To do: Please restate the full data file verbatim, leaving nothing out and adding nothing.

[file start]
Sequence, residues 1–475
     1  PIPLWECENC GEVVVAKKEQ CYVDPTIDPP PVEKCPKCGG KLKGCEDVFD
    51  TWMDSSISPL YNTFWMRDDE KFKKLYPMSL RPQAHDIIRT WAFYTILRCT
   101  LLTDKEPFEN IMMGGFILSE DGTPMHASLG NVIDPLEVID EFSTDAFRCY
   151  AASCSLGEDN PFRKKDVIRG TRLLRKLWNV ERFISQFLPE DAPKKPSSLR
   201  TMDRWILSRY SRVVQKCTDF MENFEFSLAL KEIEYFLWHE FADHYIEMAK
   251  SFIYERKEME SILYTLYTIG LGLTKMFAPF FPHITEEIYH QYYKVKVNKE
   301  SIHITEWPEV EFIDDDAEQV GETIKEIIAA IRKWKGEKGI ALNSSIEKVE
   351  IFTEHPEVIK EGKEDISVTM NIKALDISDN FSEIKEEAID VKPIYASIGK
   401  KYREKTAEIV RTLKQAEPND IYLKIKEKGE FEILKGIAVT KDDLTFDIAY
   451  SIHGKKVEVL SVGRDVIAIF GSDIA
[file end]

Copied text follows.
Sequence, residues 1–475
     1  PIPLWECENC GEVVVAKKEQ CYVDPTIDPP PVEKCPKCGG KLKGCEDVFD
    51  TWMDSSISPL YNTFWMRDDE KFKKLYPMSL RPQAHDIIRT WAFYTILRCT
   101  LLTDKEPFEN IMMGGFILSE DGTPMHASLG NVIDPLEVID EFSTDAFRCY
   151  AASCSLGEDN PFRKKDVIRG TRLLRKLWNV ERFISQFLPE DAPKKPSSLR
   201  TMDRWILSRY SRVVQKCTDF MENFEFSLAL KEIEYFLWHE FADHYIEMAK
   251  SFIYERKEME SILYTLYTIG LGLTKMFAPF FPHITEEIYH QYYKVKVNKE
   301  SIHITEWPEV EFIDDDAEQV GETIKEIIAA IRKWKGEKGI ALNSSIEKVE
   351  IFTEHPEVIK EGKEDISVTM NIKALDISDN FSEIKEEAID VKPIYASIGK
   401  KYREKTAEIV RTLKQAEPND IYLKIKEKGE FEILKGIAVT KDDLTFDIAY
   451  SIHGKKVEVL SVGRDVIAIF GSDIA